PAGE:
DM: Well, we haven't talked about it, but Tim is one of the finest musicians in the world, so I hope I work with him for the rest of my life. But, um, I think where we are.. we've always played wherever we can. The real challenge is not rejecting that to me and saying, “no, let's go play tiny venues.” It's trying to make those big places seem smaller, and make the person sitting in the back row feel like they're part of the show.

NATN: Do you feel the band jams less than it did in the early days?

DM: In some ways, it has developed differently. We have [jammed] more than we're doing [now], so maybe things have become refined. When we first started, we'd play an hour-long set and we only had four songs, and you have to do something to fill the time. In that sense, yeah, we did jam. If you're playing a frat party from 10 p.m. to 2 a.m. and you only have 10 songs, you don't want to play the same songs again, so you just let things go. We fall into that groove every once in a while, but you also have to keep people there, keep them present. There's a balance we still ride between, uh, becoming staid and playing the same thing, and being totally oblivious to the fact that there's an audience there. We have to ride between that.

NATN: Tell me about the band’s decision to make the single “I Did It” available as a legal download on Napster. Do you use the service yourself?

DM: Well, I can tell you what my opinion was and why I thought it was a great idea. First of all, Napster would never have come about in the hands of Sony, or Warner Bros. They would never have developed that sort of thing. It's going to be some kid, like how it is. You can't stop it. You can't push away the future. You have to progress. How do you stop a river? You can't. You can pause it with a dam, or litigation, but you can't stop it. You have to embrace the idea. However we can get music around the world faster, it will open gates for a lot of people. There will come a way of tracking it better, a way to, not control it, but be aware of what's going across. I'm not really a computer whiz, but I imagine that will happen. I don't use Napster, but I can't say completely no, because other people have [used it] on my behalf. I just don't spend a lot of time on the keyboard.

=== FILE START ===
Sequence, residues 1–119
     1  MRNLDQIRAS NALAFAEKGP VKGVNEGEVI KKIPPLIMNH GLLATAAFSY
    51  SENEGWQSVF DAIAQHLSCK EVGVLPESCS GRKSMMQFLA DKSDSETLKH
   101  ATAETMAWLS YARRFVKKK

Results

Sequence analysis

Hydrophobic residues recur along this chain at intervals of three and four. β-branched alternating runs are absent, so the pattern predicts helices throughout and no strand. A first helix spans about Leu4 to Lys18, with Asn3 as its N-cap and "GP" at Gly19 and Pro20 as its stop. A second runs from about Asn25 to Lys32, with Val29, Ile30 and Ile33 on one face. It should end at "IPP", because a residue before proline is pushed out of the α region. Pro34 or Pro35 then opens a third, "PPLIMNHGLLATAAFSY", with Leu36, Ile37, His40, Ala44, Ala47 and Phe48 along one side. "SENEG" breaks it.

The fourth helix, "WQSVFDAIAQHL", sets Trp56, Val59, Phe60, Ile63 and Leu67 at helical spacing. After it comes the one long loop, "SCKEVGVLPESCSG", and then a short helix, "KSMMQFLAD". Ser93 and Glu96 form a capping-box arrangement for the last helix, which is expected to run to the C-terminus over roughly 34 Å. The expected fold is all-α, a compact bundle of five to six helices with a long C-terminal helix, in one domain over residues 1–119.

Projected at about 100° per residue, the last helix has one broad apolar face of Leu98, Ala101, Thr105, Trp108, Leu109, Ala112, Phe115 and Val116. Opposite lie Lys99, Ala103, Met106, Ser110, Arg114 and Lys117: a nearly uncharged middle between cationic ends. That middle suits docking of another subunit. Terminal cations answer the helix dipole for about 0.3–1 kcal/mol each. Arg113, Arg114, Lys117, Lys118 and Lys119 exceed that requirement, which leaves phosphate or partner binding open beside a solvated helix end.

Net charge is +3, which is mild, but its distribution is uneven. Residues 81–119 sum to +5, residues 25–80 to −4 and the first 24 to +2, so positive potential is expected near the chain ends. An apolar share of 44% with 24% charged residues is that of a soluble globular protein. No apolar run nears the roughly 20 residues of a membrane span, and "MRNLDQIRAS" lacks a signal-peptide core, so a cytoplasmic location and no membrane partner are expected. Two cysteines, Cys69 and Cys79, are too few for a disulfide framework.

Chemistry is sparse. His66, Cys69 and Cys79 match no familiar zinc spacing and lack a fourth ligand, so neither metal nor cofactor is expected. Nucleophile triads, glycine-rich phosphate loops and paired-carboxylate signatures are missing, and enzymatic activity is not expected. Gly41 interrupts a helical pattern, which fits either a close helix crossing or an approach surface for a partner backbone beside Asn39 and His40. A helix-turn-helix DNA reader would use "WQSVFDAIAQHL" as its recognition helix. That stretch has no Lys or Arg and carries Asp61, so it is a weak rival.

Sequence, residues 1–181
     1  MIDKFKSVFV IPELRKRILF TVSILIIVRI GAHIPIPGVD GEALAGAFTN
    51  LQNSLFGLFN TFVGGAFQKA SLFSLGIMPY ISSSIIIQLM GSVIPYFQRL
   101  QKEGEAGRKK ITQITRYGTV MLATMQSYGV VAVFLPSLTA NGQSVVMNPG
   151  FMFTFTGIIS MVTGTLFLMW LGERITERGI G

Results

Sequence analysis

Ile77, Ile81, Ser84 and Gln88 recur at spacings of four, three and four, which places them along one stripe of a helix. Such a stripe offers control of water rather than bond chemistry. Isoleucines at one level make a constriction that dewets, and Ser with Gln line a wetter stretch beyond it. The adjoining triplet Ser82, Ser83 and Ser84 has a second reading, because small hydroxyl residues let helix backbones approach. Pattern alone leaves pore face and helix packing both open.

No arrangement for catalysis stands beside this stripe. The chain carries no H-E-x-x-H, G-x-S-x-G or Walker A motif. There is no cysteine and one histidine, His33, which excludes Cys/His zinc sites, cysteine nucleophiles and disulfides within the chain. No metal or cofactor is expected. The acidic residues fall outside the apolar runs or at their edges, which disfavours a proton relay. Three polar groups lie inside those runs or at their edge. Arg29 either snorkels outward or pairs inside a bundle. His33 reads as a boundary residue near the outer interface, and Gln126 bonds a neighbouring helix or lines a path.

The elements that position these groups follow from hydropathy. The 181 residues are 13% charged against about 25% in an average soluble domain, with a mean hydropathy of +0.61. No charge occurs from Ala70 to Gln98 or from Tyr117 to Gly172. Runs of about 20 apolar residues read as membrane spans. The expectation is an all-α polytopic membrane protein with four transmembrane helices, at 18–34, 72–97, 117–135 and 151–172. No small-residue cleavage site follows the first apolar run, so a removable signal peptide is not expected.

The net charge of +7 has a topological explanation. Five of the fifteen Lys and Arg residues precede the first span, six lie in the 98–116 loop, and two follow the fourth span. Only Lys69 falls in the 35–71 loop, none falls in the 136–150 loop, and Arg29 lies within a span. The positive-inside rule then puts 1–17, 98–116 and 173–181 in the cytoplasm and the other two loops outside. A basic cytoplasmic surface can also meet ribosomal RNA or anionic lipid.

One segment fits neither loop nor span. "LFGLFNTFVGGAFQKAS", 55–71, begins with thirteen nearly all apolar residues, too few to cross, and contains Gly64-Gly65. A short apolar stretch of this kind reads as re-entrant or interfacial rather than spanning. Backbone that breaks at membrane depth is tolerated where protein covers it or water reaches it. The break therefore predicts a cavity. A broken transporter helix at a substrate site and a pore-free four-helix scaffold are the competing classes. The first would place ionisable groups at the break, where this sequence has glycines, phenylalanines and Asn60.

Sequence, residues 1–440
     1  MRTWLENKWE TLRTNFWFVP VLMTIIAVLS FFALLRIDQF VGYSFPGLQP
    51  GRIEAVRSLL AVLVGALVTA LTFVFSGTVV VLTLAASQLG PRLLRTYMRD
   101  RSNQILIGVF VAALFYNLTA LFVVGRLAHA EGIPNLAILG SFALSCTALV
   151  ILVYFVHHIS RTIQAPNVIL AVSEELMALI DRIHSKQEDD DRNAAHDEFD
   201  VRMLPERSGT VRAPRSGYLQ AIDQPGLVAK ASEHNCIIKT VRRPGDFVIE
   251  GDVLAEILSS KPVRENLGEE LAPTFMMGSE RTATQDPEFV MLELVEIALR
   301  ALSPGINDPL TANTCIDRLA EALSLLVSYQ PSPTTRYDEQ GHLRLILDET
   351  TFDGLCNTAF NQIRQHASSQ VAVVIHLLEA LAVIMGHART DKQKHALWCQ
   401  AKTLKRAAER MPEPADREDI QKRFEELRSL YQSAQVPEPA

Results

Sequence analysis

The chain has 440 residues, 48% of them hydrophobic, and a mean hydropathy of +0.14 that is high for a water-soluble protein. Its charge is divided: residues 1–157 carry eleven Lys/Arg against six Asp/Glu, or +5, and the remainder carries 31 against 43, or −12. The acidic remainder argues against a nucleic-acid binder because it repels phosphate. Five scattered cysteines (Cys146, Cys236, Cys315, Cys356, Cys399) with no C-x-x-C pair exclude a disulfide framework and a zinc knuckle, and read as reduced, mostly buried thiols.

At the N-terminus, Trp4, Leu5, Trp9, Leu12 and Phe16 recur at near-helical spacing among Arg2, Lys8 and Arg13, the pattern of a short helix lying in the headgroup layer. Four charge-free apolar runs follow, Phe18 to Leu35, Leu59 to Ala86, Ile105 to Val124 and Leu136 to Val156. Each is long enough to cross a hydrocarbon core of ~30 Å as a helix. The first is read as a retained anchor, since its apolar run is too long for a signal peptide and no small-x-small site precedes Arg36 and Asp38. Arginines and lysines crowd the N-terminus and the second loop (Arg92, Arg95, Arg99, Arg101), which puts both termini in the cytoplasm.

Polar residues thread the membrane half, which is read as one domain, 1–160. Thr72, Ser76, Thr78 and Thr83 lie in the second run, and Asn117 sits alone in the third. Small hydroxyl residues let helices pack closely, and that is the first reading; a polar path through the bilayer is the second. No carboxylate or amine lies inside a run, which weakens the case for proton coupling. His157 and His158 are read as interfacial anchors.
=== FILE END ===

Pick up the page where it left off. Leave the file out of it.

NATN: Are you of the opinion that someone searching Napster for some rare Dave Matthews Band track has already bought all the legally available stuff anyway?

DM: Oh, yeah. I think that's obviously going to be the case. People that want to hear unusual music and strange things can get access to that. Clearly there will be the other side, but I don't think it will be that extreme unless there is some sort of revolt. Of course people can put an album on it, and people will download that, but I'm not worried about that. I think people like to go and buy CDs, at least for now, until the quality of the delivery on Napster gets better. Personally, there's obviously good and bad things about it, but I think you have to embrace the future. Anytime anarchy gets a legitimate foothold, it's a good thing.

NATN: Are there any old school songs, for example the numbered ones, that have yet to be recorded in the studio?

DM: Yeah, there's things. I can never keep track of the numbers. But there's things that just fall into my hands from times gone by.